PanSTARRS truly is a once-in-a-lifetime visitor to our neighborhood—it will not appear in our skies again for 100,000+ years, if ever. In fact, this is the comet’s first visit to the inner solar system, and this week’s moon / comet dance will provide a very unique photo-op for those with clear skies on the western horizon.
Even with the comet currently being difficult to spot with the naked eye, photographers are capturing some nice images of PanSTARRS using long-exposures. A long-exposure of 5-10 seconds should bring the comet into view, starting 30-40 minutes after sunset. A telephoto lens is obviously a must, as is the use of a DSLR camera on a tripod. A shutter-release cable is preferred to avoid any camera shake caused by clicking the shutter button on the camera itself, although using the camera’s built-in timer would work as well.
Focus to infinity and frame your shot on the horizon, remembering that PanSTARRS will be located at a point just to the left of the crescent moon this evening. Even if you cannot see the comet yourself remember it is there, and a long-exposure will bring it into view. A low ISO (200 or so) is always preferred to avoid introducing too much noise into the photo, and open your aperture as wide as your lens will allow (smallest F-number). This is a good starting point to begin shooting. Adjust your exposure times until you find what works for you, as the lighting and sky conditions will vary from one location to the next.
The moon will only be illuminated to a factor of 2 percent, so a longer exposure should not be too difficult to pull off, but again adjust your exposure times and ISO accordingly until you find a setting you like which brings the comet into view without the moon light and twilight drowning out the comet. Adjusting your White Balance (WB) will also change the “color” of your image. A Tungsten WB will capture a blue-ish twilight, a White Fluorescent WB will capture a more maroon / purple twilight, and an Shade or Cloudy WB will capture a more reddish scene.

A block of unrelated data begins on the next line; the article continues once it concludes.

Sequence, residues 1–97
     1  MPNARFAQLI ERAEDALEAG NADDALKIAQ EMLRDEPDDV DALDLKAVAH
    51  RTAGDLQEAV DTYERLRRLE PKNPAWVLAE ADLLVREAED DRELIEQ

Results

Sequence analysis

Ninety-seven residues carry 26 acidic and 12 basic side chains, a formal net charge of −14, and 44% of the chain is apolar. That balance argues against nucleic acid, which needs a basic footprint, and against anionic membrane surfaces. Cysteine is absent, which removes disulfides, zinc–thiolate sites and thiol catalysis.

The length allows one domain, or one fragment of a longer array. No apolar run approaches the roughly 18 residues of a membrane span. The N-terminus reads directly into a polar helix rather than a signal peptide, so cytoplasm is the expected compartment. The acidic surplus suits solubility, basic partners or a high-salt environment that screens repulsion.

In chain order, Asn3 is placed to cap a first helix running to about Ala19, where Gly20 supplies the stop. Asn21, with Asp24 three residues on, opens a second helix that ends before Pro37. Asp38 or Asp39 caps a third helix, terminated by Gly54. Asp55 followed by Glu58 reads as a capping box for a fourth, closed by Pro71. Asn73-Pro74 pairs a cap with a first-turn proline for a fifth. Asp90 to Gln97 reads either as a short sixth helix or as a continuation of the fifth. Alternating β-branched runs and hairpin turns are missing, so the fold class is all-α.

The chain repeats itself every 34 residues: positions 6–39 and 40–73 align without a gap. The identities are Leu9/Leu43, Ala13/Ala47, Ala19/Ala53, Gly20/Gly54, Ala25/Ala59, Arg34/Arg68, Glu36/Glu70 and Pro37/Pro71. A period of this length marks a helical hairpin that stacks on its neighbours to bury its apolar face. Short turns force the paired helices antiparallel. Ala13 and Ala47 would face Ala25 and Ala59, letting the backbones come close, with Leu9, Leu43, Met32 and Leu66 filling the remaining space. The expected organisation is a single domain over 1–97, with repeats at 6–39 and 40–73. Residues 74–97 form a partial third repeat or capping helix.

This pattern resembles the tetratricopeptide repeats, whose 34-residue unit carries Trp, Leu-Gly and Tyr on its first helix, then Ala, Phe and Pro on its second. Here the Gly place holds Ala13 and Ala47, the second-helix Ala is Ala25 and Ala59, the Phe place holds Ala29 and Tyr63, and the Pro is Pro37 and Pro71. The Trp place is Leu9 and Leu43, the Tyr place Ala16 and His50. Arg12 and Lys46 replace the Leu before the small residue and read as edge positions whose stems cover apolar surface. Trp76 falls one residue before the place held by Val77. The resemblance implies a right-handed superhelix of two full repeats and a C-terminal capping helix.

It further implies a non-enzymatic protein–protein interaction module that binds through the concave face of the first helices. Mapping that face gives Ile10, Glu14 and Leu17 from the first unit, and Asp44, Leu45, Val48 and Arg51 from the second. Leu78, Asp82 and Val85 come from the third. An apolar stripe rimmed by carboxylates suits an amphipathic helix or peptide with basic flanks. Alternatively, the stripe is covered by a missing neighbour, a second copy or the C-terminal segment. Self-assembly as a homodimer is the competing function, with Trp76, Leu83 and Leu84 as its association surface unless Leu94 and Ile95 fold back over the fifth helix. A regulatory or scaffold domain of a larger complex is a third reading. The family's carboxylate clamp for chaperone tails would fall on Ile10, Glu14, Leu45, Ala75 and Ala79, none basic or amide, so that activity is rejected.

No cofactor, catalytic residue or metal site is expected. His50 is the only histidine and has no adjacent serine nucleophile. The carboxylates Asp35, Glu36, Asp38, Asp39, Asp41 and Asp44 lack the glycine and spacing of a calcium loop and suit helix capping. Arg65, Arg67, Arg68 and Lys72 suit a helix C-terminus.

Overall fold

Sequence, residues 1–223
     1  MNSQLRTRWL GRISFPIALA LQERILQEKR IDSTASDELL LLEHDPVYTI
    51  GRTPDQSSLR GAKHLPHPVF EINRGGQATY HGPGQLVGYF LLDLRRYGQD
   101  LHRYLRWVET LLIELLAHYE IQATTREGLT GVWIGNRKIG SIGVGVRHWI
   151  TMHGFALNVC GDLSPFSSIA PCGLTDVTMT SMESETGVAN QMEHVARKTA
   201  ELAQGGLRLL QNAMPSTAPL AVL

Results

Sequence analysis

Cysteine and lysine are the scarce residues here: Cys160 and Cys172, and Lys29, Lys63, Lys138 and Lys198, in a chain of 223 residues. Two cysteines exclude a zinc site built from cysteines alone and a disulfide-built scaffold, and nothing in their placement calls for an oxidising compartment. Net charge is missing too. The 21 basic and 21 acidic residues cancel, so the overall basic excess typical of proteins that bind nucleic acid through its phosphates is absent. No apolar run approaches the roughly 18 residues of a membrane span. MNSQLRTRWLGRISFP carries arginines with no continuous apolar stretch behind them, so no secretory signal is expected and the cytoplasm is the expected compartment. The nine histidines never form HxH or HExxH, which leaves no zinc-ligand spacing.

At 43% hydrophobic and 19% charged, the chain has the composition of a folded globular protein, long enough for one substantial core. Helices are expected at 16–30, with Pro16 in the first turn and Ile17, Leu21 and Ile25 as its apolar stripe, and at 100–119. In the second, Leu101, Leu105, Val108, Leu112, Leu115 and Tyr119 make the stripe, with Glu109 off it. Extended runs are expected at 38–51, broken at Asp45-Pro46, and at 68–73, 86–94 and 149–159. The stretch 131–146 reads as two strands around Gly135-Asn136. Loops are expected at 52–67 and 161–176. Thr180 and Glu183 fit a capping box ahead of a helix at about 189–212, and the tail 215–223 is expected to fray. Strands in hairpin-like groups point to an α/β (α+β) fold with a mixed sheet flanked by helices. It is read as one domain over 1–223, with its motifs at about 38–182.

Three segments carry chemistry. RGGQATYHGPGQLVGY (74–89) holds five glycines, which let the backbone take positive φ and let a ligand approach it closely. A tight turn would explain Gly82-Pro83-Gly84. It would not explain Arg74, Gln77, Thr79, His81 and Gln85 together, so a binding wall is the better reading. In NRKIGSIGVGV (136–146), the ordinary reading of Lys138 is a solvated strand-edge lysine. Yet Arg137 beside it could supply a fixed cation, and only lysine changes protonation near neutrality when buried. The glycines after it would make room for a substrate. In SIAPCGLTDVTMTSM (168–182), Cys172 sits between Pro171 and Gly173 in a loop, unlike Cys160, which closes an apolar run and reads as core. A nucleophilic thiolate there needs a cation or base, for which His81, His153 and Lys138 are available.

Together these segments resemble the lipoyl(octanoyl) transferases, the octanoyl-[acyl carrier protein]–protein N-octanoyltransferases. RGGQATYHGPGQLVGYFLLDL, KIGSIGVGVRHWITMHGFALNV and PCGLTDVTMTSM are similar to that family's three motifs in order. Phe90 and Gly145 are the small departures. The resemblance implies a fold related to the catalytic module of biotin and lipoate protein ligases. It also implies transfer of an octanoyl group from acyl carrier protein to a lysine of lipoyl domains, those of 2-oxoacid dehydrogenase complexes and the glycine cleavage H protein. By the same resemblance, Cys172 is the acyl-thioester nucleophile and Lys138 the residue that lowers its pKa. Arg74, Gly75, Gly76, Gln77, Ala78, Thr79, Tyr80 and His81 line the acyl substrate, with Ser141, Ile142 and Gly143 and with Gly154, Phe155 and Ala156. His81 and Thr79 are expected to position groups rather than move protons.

— Year Of The Comet
If you are unable to see comet PanSTARRS on the sunset horizon this month, don’t worry too much, because this is just a taste of what could be in store for us later this year. Another comet, known as C/2012 S1 (aka ISON), will come into view during the dawn hours in late November and will remain in view through December. ISON is favored for view to us in the northern hemisphere, but should be visible to some extent around the globe.
Comets are notoriously unpredictable, but some astronomers have expressed optimism that ISON has potential to become the “comet of the century” if the Sun does not pull it apart. Best case scenarios suggest the comet’s brightness during it’s closest approach to the Sun on November 28 could rival that of the daytime full moon, displaying a long bright tail and becoming visible even in the daytime. Only time will tell; ISON could also break apart completely as it heats to upwards of 2900º K, which is hot enough to melt iron and lead, as it dives to within just 800,000 miles of the Sun’s surface, leaving nothing left to be seen.